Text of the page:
ZIMBABWE . . . . . (7) 28
NAMIBIA . . . . . . (27) 58
NAMIBIA extended their 17-year-dominance over Zimbabwe yesterday as the Welwitschias won 58-28 to leave the hosts reeling without a win in the Rugby Africa Gold Cup and on the brink of relegation to the second-tier of African rugby.
BY ENOCK MUCHINJO IN BULAWAYO
Africa’s best rugby team (excluding South Africa) scored nine tries through winger Sethie Desiderius, tight-head prop Wian Conradie, flank Pieter-Jan Venter, substitute flank Tjuuee Uanivi, flanker Janco Venter, replacement scrumhalf Damian Stevens, left winger Lesley Klim as well as captain and flanker Johan Deysel.
The Sables, to their credit, earned a bonus through tries by outstanding flank Connor Pritchard — who keeps growing in stature every Test — as well as lively left winger Tafadzwa Chitokwindo, right winger Shayne Makombe and substitute hooker Matthew Mandioma.
As has been the story of Zimbabwe in this campaign, handling errors and substandard tackling was again the hosts’ worst enemy, with Namibia many a time breaking through to finish off with relative ease after some meek defending by Peter de Villiers’ men.
With Namibia’s much heavier forwards pack having the better of both the tight and loose exchanges — controlling the set-pieces and proving a menace at the breakdown — it meant Zimbabwe’s talented backline wasn’t able to get sufficient clean ball, thus the skills of wingers Chitokwindo and Makombe did not come to the fore until very late in the Test.
On top of his game though for Zimbabwe in the backline was 34-year-old centre Tafadzwa Mhende, who was rock-solid in defence and hardly let anything pass through him, dishing out big hits to the bulkier Namibians — who themselves thrive in such situations — so gave back as much as they received.
He was phenomenon, Mhende, and in his young Harare Sports Club teammate Kudzi Mashawi, Zimbabwe had a midfield pairing that stood out for the better part of the afternoon.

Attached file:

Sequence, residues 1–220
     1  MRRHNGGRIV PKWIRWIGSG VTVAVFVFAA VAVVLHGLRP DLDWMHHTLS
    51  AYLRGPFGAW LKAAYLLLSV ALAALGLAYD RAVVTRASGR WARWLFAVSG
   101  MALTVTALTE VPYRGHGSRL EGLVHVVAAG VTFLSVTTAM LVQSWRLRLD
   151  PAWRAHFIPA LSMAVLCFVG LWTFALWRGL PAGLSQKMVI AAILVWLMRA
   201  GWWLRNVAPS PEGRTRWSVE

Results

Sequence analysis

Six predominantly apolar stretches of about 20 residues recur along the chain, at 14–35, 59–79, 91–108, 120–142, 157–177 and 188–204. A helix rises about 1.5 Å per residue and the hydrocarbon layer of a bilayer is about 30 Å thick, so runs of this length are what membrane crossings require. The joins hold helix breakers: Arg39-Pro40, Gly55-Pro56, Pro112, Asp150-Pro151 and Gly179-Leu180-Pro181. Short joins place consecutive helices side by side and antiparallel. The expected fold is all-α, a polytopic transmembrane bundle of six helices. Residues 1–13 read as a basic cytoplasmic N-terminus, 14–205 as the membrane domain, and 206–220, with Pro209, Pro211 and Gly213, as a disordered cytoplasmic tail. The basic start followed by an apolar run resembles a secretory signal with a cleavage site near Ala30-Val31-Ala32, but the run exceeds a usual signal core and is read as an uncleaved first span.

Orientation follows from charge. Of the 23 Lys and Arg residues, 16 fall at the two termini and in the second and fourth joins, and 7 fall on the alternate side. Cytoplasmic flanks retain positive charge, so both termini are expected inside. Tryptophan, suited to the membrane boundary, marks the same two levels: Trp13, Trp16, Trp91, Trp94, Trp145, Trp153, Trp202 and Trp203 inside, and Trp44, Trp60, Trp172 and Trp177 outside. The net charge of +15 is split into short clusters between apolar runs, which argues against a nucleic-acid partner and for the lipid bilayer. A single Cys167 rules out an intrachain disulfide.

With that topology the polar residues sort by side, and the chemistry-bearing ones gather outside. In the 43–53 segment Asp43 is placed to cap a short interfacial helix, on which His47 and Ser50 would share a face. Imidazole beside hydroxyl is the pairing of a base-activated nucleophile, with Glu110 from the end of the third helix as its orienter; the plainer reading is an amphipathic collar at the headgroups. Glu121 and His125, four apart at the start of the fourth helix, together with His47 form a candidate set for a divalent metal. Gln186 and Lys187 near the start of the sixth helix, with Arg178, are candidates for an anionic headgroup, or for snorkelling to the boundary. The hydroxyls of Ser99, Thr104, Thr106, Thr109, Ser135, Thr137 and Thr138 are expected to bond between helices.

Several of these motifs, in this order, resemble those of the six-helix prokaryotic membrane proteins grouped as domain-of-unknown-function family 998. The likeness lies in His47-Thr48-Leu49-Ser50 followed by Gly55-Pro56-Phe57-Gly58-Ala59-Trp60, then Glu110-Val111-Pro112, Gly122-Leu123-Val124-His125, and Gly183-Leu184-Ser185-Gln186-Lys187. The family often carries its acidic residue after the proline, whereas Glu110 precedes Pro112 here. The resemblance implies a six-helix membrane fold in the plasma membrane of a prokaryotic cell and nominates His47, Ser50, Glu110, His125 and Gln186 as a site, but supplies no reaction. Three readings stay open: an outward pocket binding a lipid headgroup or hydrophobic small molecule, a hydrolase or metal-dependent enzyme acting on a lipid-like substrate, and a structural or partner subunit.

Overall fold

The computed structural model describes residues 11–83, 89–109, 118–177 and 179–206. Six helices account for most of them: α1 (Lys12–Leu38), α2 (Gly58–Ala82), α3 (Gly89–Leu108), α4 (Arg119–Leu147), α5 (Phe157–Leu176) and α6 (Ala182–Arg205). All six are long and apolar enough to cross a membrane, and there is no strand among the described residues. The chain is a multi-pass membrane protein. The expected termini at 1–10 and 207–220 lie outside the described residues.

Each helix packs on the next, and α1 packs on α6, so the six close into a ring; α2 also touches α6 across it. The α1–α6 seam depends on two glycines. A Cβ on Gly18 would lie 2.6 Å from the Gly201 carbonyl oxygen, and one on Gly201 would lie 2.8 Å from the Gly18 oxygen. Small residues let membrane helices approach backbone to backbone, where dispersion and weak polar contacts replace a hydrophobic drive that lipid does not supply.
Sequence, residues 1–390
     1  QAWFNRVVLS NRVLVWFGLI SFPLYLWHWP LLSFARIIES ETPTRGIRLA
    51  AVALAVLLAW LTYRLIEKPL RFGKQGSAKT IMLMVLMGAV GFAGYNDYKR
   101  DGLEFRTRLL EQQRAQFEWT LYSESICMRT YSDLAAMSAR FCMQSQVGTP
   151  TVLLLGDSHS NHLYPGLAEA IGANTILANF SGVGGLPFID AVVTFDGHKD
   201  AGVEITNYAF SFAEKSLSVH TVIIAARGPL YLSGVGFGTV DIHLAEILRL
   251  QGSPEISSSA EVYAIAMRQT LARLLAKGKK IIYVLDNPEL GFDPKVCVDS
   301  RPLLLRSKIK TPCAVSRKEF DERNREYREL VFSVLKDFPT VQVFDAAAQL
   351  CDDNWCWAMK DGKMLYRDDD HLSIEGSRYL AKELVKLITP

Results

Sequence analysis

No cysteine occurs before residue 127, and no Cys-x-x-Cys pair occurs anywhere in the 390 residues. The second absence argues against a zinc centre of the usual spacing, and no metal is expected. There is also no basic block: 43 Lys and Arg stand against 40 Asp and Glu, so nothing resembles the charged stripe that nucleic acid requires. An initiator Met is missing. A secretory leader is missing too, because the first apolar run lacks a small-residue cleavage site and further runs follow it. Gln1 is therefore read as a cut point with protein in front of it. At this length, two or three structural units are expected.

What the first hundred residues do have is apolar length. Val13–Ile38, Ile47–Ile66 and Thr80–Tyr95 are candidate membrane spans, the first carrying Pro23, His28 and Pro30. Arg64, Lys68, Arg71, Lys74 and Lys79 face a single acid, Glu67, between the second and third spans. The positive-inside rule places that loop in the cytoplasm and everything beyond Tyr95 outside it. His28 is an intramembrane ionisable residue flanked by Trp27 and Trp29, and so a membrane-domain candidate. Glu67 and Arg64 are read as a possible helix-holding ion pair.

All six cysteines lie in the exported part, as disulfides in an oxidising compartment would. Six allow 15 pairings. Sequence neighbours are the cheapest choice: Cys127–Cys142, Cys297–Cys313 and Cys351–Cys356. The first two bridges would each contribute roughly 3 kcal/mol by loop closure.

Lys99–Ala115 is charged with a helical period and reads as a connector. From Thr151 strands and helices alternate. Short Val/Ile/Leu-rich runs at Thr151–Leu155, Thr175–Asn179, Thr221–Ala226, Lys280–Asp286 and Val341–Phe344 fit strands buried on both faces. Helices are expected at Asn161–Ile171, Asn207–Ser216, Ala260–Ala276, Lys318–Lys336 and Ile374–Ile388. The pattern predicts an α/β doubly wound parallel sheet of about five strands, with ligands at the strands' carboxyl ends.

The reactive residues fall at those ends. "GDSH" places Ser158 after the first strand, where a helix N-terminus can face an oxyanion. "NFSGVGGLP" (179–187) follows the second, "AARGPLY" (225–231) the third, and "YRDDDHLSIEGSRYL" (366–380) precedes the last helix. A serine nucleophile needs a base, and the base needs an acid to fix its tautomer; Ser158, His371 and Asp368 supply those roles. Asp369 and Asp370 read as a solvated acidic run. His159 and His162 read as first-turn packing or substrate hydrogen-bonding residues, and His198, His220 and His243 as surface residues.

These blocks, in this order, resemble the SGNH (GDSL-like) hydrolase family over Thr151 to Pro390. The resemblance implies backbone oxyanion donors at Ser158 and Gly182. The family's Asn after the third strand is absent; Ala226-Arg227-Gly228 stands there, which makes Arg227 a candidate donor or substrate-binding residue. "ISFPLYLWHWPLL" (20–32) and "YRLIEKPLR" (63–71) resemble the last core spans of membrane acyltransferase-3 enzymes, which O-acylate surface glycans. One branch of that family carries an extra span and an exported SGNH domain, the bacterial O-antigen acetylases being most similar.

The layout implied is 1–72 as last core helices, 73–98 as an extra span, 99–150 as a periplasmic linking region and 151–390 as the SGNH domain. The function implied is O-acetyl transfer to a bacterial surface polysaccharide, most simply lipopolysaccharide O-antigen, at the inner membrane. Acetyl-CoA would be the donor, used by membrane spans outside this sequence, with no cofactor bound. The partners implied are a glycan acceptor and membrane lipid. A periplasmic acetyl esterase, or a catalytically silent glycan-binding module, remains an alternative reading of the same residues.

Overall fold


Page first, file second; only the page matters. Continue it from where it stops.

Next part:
And it was only appropriate that it should be Pritchard who scored first for the Sables. The former Zimbabwe Under-20 captain dived over the line after a series of phases involving almost the entire pack to give the home crowd some glimmer of hope.
Zimbabwe’s second half performances, despite Namibia capitalising on endless mistakes and scoring at regular intervals, was slightly improved.
And it did not come as a surprise that it was the improvement in loose exchanges that sparked off rejuvenation in Zimbabwe’s play in the second period.
The livewire back-three started seeing more of the ball, penetrating gaps and putting the Namibians on the back foot for the first time in the tie.
And there was a bit of swagger, particularly by the two speedsters, Chitokwindo and Makombe, both fresh from Zimbabwe’s Rugby World Cup Sevens campaign in the United States.
For Zimbabwe’s second try, Chitokwindo finished off a textbook backline move, showing a clean pair of heels to score in the middle.
A few forwards breaks by Zimbabwe breathed some life into the hosts’ performance, and one that comes to mind was a 60-metre dash by hooker David Makanda, but all were cleaned up in the end by Namibia.
Another breath-taking backline exchange resulted in Makombe’s try. Fullback Shingi Katsvere offloaded well in the tackle to a lurking Chitokwindo, who gathered his own clever chip before sending Makombe on his way. The France-based utility back finished off with a flourish by diving over between the posts.
Then Mandioma grabbed Zimbabwe’s bonus point try by crashing over from a congested scrum, but at that stage, the game was already in the bag for Namibia, who now appear headed for their sixth Rugby World Cup in a row, having been Africa’s torchbearer at the game’s biggest showpiece.
As for Zimbabwe, a must-win tie away to Uganda in a fortnight awaits them, otherwise they now face the grim prospects of demotion to the Silver Cup next season.